@Marcus Thanks for this comment! I think that the gospel is a rich, multi-faceted thing. And I think you're right that Jesus was proclaiming the gospel long before the crucifixion. The content of the gospel is certainly far more than the one dimensional understanding of, "Jesus died for your sins," that is preached in many churches. In my own experience, I find that Jesus is himself the gospel. His life, presence and self-sacrificial love enfleshes the truth about who God is.

@Marshall I have always found Romans to be a very challenging epistle - intellectually, theologically and spiritually. I feel like an infant when I read it, and I hope that you and others will share your discernment on this, Paul's most complex and lengthy theological reflection.

One thing that I am very aware of is the fact that a faithful engagement with Romans is essential if we are to have a fruitful discussion with our brothers and sisters in the Reformed tradition.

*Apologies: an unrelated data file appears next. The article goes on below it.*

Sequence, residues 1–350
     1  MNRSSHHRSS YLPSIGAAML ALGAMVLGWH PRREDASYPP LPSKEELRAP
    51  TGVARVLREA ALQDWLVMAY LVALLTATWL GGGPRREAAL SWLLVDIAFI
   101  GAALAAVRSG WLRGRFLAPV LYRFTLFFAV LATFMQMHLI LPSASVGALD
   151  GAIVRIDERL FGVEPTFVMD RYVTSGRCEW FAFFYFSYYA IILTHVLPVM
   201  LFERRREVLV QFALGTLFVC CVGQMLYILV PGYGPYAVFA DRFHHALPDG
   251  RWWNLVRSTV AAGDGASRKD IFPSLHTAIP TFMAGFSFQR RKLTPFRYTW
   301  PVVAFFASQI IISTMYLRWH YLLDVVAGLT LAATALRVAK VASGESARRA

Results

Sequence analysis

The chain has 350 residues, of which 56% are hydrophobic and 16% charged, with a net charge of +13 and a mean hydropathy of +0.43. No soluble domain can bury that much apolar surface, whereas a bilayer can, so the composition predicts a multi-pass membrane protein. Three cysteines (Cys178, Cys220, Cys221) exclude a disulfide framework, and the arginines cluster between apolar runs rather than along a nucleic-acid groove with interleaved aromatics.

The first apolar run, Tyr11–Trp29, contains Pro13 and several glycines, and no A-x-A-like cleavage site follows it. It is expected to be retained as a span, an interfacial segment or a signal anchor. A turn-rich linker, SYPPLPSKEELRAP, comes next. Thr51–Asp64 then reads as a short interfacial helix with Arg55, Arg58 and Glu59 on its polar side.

Marshall Massey said...

Micah, I agree that Romans is a monumental piece of work. Whether we agree with it in whole or only in part, it seems astonishing that a single man, Paul, could have had that much insight — so much of it fairly new even to him — to spill out in a single letter to his fellow believers.

Just speaking for myself, I have found Joseph Fitzmyer’s commentary on Romans for the Anchor Bible series, very helpful through the years. You might want to take a look at it — or even just buy a copy blindly, if this is an epistle you find yourself turning to frequently.

Robert Barclay, as you maybe already know, interprets Romans 10:14 in the light of the Quaker equation of the Gospel with “the saving spiritual Light” within us: Apology, Props. V & VI §23. I think he felt this was necessary to preserve that other key Quaker doctrine: that God gives everyone a chance at salvation, and does not predestine for damnation those who never get a chance to hear the outward Christian message.